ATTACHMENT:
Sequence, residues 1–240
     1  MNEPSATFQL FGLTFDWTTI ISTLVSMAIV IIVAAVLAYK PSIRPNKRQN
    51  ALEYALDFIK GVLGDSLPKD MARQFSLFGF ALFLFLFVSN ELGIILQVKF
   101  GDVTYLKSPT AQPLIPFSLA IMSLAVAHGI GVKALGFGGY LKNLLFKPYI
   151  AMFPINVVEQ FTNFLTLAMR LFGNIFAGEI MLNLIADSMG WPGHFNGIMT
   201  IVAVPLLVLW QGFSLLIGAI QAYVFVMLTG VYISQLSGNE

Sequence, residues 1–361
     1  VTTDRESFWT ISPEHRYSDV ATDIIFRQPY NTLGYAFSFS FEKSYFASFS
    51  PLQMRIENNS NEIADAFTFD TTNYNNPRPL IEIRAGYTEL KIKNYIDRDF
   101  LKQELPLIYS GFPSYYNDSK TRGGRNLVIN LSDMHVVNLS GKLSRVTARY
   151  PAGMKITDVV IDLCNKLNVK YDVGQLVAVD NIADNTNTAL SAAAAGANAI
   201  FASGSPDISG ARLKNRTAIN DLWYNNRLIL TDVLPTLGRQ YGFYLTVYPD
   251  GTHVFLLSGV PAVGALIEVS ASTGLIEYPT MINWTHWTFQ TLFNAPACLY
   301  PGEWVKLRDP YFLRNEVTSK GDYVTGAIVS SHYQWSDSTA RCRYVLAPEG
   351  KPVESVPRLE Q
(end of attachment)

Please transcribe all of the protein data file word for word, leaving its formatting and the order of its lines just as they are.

Sequence, residues 1–240
     1  MNEPSATFQL FGLTFDWTTI ISTLVSMAIV IIVAAVLAYK PSIRPNKRQN
    51  ALEYALDFIK GVLGDSLPKD MARQFSLFGF ALFLFLFVSN ELGIILQVKF
   101  GDVTYLKSPT AQPLIPFSLA IMSLAVAHGI GVKALGFGGY LKNLLFKPYI
   151  AMFPINVVEQ FTNFLTLAMR LFGNIFAGEI MLNLIADSMG WPGHFNGIMT
   201  IVAVPLLVLW QGFSLLIGAI QAYVFVMLTG VYISQLSGNE

Sequence, residues 1–361
     1  VTTDRESFWT ISPEHRYSDV ATDIIFRQPY NTLGYAFSFS FEKSYFASFS
    51  PLQMRIENNS NEIADAFTFD TTNYNNPRPL IEIRAGYTEL KIKNYIDRDF
   101  LKQELPLIYS GFPSYYNDSK TRGGRNLVIN LSDMHVVNLS GKLSRVTARY
   151  PAGMKITDVV IDLCNKLNVK YDVGQLVAVD NIADNTNTAL SAAAAGANAI
   201  FASGSPDISG ARLKNRTAIN DLWYNNRLIL TDVLPTLGRQ YGFYLTVYPD
   251  GTHVFLLSGV PAVGALIEVS ASTGLIEYPT MINWTHWTFQ TLFNAPACLY
   301  PGEWVKLRDP YFLRNEVTSK GDYVTGAIVS SHYQWSDSTA RCRYVLAPEG
   351  KPVESVPRLE Q